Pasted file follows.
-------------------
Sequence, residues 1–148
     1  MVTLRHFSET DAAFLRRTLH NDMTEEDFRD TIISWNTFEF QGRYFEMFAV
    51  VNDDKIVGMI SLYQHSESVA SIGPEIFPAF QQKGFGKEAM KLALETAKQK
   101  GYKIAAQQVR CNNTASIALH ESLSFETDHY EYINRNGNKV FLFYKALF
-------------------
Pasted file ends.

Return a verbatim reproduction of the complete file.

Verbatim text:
Sequence, residues 1–148
     1  MVTLRHFSET DAAFLRRTLH NDMTEEDFRD TIISWNTFEF QGRYFEMFAV
    51  VNDDKIVGMI SLYQHSESVA SIGPEIFPAF QQKGFGKEAM KLALETAKQK
   101  GYKIAAQQVR CNNTASIALH ESLSFETDHY EYINRNGNKV FLFYKALF